Hurricane Katrina's devastation of the Gulf Coast gambling industry could sway Mississippi legislators to consider allowing land-based casinos and scrap the law that placed them on the water in vulnerable spots.
"I think that will be a public policy question that will be on the minds of every legislator when they come in for the next session," said Larry Gregory, the Mississippi Gaming Commission's executive director. "That discussion will be the No. 1 issue in this legislative cycle. This will definitely put the fire under their feet."
More than half of the 13 casinos in Biloxi, Gulfport and Bay St. Louis were destroyed by the hurricane that roared in off the ocean, Gregory said Wednesday.

Mississippi requires casinos to float, either along the Gulf Coast or on the Mississippi River. A state law that took effect earlier this year allows the floating casinos to build permanent pilings to stabilize the barges.
It's not clear if that reinforcement would have been enough to save the casinos in a Category 4 or 5 hurricane. None of the casinos had a chance to construct pilings.

Rep. Steve Holland, D-Plantersville, said the law should be rewritten to allow land-based casinos, but only in areas that had gambling barges before.

"I think if they had been on land, it still would have been disastrous, but not nearly as much," said Holland , a member of the Gaming Committee in the Mississippi House.

Some lawmakers, particularly religious conservatives, have opposed land-based casinos along the coast or the Mississippi River because they fear other, inland counties would push for gambling house, too.
After the hurricane, "I think what you're going to see, politically, is a different mind-set on everything," Holland said.

Powerful winds and a massive storm surge laid waste to the region, tossing some of the barges on which the casinos rested like toy boats and crippling the state's $2.7 billion gambling industry.
Las Vegas-based Harrah's Entertainment Inc. likely lost two casinos in the powerful hurricane: the Grand Casinos in Biloxi and Gulfport. The Beau Rivage sustained "significant damage, " as did Biloxi's Casino Magic, which is owned by Pinnacle Entertainment Inc. of Las Vegas.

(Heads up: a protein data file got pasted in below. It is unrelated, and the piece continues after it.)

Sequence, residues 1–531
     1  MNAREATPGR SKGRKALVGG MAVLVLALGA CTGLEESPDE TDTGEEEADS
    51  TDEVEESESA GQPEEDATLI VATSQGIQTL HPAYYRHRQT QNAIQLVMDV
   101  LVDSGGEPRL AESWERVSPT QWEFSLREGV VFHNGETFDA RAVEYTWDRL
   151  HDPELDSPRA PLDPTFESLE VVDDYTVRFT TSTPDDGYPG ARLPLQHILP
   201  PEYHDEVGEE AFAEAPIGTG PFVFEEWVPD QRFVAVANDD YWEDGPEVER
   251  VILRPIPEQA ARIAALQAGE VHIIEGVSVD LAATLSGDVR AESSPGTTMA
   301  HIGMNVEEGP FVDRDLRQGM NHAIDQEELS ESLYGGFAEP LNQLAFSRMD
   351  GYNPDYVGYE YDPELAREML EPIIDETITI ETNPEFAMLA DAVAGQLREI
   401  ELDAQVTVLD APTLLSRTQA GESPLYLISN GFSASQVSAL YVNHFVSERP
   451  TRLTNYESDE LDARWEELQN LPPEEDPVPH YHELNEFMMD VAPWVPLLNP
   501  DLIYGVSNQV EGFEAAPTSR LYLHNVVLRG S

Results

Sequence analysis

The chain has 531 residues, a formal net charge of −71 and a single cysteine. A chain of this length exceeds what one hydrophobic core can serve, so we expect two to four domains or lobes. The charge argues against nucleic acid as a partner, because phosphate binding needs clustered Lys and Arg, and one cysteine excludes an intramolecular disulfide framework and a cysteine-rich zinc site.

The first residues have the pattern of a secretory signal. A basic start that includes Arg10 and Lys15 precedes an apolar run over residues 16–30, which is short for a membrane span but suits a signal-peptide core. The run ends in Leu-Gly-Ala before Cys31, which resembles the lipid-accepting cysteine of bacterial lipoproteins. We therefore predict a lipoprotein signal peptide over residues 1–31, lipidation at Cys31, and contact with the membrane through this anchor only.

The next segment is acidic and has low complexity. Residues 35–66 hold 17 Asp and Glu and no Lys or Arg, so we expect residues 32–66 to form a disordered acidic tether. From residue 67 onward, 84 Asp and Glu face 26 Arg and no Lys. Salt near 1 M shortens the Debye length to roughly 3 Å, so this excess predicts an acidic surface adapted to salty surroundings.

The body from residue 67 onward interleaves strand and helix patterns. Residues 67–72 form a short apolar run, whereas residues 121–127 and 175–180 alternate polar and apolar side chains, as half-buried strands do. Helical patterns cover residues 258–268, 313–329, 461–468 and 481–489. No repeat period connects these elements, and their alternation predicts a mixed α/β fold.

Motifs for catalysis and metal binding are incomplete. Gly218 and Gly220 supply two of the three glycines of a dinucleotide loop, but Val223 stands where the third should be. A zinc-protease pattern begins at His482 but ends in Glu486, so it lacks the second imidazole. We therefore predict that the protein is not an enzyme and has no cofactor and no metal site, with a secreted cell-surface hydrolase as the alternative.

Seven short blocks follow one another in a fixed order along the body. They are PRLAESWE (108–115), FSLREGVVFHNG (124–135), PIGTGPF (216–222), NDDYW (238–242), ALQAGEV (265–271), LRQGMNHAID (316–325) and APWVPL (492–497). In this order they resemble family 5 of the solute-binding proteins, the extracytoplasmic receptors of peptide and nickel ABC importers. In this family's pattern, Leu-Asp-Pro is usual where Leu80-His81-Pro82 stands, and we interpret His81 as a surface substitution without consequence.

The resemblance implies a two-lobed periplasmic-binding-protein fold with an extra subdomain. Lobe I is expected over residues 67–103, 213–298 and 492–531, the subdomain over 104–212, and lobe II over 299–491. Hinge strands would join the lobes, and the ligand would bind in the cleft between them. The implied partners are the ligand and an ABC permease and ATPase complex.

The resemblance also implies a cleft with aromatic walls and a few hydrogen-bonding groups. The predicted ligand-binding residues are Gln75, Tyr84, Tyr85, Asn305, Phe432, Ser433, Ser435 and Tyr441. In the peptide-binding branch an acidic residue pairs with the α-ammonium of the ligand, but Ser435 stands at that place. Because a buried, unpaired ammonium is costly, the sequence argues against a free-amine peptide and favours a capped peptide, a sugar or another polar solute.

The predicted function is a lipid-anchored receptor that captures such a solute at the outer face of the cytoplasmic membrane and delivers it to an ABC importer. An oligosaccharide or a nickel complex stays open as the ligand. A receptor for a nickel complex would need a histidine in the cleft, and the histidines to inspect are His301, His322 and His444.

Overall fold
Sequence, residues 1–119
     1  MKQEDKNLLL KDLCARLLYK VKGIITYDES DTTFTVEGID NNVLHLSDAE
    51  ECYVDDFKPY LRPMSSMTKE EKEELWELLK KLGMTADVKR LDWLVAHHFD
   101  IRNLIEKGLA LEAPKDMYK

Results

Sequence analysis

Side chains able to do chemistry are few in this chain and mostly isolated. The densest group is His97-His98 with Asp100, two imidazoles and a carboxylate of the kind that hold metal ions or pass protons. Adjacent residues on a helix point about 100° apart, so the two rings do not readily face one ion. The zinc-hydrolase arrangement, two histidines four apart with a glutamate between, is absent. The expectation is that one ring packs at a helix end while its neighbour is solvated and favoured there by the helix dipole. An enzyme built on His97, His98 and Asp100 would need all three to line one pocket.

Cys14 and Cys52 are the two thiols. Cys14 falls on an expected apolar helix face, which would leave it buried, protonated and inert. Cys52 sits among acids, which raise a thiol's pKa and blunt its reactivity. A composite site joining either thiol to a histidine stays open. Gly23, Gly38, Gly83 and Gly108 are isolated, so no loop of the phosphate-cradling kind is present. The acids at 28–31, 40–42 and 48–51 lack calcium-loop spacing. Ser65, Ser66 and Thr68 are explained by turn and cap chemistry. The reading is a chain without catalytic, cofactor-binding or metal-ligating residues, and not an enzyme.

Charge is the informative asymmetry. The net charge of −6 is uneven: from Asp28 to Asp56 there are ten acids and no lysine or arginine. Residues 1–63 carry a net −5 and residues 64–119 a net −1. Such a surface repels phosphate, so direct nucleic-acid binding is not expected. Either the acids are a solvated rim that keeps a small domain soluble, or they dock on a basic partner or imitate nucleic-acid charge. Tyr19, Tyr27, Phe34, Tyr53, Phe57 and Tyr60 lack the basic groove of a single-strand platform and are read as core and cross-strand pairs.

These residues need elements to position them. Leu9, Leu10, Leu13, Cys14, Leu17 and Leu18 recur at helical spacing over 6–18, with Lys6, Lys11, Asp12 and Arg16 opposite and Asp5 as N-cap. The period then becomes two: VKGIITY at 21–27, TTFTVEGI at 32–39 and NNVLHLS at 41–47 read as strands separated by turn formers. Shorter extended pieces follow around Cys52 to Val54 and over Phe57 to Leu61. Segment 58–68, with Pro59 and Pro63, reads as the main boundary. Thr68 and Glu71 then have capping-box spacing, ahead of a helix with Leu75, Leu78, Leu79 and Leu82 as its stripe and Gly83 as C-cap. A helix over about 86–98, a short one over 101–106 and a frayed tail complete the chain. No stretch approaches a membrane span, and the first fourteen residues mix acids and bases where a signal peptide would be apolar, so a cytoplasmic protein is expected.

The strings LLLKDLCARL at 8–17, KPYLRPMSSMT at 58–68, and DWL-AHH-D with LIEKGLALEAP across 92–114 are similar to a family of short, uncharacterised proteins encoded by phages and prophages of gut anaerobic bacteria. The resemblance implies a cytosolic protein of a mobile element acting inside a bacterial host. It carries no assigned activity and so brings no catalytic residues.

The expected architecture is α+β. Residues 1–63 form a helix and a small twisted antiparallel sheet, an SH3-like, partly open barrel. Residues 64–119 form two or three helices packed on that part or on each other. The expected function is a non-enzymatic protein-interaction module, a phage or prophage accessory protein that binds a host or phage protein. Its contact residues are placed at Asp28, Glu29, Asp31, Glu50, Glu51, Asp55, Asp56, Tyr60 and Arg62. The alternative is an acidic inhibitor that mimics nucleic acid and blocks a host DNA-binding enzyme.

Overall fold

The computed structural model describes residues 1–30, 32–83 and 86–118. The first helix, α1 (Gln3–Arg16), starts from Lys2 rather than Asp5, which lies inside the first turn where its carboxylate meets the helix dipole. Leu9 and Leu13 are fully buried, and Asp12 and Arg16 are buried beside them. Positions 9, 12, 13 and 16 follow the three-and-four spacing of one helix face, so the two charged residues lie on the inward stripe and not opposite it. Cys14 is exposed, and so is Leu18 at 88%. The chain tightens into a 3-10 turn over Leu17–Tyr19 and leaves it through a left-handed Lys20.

The Casino Magic Bay St. Louis and Boomtown Biloxi Casino in Biloxi were severely damaged, according to owner Penn National Gaming Inc. Television footage showed the Copa Casino in Gulfport and the Hard Rock casino in Biloxi appeared to have extensive damage.

The Treasure Bay Casino in Biloxi was a total loss, said Bernie Burkholder, president and chief executive.
Gary Loveman, Harrah's chairman and chief executive, said putting casinos on boats didn't make any sense. It's been a running debate since the state legalized floating casinos in 1990 and the first one opened in 1992.

"I've just never understood that," Loveman said. "It's not simply an inconvenience. ... it's a public safety problem."

Loveman, who runs the world's largest gambling company, said Harrah's would rebuild on the Gulf Coast but would take a hard look at putting a casino on a barge again.

JP Morgan gambling analyst Harry Curtis wrote in an investor's note that the state would benefit from land-based casinos.

"In the long run, we think this legislation would be good for the state's tourism industry," because it could encourage greater investment and greater amenities," Curtis said. He cautioned that "investment would not occur unless casinos could build facilities to withstand Category 5 hurricanes."


How to Help: Organizations Involved in Hurricane Katrina Relief

  • FEMA Charity
  • Red Cross: 1-800-HELP-NOW or
  • Network for Good
  • McCormick Tribune Foundation Hurricane Katrina Relief Campaign:
  • Episcopal Relief & Development: 1-800-334-7626 or
  • Mercy Corps
  • United Methodist Committee on Relief: 1-800-554-8583 or
  • Salvation Army: 1-800-SAL-ARMY or
  • Catholic Charities: 1-800-919-9338 or
  • National Voluntary Organizations Active in Disaster:
  • Louisiana Society for the Prevention of Cruelty to Animals: